The Cut by Anthony Cartwright – the #Brexit Novel

When Peirene Press announced that it had commissioned a novel about Brexit, I could not resist getting involved and sponsoring it. Publisher Meike Ziervogel found author Anthony Cartwright, whose previous novels, although ostensibly mainly about football, also portrayed a community in decline. This is the ‘diminished community’ of the Black Country, which used to be one of the most industrialised (and therefore also one of the most polluted) areas of England, with coal mining, steelworks, glass factories and brickworks all spewing their bile into the atmosphere. Nowadays pretty much all of these industries have died and it’s become an area of boarded-up shops and high unemployment. A perfect setting, in other words, for the ‘forgotten people’ who voted for Brexit.

Cairo Jukes from Dudley is a former boxer, already a grandfather in his early forties, and supports himself though hourly work cleaning up industrial sites. His daughter Stacey-Ann has been kicked out by her mother after giving birth to a ‘coloured’ baby and now lives with her grandparents. Then Grace Trevithick turns up in their lives: posh, educated, a successful documentary maker trying to capture ‘the mood of the country’ just before the referendum.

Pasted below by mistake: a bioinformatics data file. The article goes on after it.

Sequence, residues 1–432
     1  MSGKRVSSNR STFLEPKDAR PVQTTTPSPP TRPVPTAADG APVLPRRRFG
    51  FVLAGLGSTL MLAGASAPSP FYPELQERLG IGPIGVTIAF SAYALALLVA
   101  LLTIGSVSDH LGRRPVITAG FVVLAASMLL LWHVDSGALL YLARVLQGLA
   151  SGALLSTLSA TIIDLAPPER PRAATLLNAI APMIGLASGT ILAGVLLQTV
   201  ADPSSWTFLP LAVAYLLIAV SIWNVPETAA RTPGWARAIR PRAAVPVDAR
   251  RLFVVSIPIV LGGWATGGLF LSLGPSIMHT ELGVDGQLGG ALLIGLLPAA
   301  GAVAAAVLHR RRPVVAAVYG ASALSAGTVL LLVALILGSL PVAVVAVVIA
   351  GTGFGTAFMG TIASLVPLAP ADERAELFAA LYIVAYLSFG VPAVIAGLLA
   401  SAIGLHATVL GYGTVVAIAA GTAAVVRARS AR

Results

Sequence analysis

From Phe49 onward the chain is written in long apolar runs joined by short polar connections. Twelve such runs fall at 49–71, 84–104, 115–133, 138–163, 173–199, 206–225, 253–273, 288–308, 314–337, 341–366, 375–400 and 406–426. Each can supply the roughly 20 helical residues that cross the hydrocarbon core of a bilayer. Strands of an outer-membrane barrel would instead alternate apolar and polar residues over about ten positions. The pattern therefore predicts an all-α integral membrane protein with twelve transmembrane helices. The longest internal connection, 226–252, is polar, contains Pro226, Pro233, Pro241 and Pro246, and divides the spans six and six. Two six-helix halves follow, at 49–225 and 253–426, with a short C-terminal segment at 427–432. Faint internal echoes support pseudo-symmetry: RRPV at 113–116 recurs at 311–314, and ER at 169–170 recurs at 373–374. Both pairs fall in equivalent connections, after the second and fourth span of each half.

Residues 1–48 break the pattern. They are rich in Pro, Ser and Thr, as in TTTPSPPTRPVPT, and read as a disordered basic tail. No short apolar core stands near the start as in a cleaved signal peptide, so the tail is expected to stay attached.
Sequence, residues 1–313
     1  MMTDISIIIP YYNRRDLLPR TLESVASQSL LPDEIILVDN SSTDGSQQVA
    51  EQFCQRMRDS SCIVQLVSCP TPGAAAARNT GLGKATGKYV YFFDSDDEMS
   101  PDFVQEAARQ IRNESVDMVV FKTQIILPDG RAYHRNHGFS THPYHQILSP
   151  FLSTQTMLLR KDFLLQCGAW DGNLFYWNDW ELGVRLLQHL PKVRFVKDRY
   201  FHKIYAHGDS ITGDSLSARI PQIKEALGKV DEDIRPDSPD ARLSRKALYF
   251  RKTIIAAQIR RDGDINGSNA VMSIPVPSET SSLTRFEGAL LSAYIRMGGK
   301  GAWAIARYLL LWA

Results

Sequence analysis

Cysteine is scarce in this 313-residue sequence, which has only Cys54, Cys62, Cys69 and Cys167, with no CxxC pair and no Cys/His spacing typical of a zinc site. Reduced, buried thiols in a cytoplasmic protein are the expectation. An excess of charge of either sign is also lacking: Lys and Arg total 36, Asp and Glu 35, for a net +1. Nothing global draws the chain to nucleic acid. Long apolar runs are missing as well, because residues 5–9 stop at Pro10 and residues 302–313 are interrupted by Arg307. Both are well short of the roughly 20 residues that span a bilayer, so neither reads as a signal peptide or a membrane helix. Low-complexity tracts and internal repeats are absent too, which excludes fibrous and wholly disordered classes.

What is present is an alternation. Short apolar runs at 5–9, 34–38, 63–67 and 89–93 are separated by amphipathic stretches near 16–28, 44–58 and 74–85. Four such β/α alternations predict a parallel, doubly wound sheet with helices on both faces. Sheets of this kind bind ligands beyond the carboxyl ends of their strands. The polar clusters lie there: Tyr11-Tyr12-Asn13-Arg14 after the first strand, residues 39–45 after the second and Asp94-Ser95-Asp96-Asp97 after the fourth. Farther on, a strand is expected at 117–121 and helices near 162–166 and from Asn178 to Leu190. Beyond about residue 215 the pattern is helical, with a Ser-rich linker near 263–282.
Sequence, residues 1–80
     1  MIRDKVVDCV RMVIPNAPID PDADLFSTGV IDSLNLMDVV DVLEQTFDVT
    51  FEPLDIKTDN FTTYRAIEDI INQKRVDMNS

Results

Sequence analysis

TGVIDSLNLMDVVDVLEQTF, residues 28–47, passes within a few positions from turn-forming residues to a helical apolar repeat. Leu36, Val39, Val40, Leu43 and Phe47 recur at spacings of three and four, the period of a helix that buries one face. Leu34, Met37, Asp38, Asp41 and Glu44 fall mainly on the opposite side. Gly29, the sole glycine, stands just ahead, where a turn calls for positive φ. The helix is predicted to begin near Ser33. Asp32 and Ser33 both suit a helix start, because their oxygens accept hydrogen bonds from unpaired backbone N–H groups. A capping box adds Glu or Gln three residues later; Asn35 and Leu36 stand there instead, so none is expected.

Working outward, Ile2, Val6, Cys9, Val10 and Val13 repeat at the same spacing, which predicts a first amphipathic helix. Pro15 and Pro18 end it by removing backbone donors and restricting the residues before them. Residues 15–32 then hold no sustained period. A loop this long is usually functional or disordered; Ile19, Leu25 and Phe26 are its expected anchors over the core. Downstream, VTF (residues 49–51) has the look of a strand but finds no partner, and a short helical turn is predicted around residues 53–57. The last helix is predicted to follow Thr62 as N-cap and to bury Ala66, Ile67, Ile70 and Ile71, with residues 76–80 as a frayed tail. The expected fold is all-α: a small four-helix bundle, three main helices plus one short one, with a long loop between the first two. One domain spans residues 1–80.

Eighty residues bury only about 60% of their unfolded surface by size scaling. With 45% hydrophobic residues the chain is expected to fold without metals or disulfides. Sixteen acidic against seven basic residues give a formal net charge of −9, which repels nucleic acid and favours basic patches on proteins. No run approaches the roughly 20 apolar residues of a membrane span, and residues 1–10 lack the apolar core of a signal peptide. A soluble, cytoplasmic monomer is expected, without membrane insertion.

As the two near extremes of the spectrum meet, they find out more about each other’s beliefs and ways of life. As they talk and learn to look beyond the convenient stereotypes, they begin to have a dialogue – that element which was so profoundly missing from the frenzied media hollering just before the EU referendum.

All you people want to say is that it’s about immigration. That we’m all racist. That we’m all stupid. You doh wanna hear that it’s more complicated than that. It lets all of you lot off the hook.

‘I doh think they feel like they’ve lost out. They have lost out.’

‘Isn’t that the same thing?’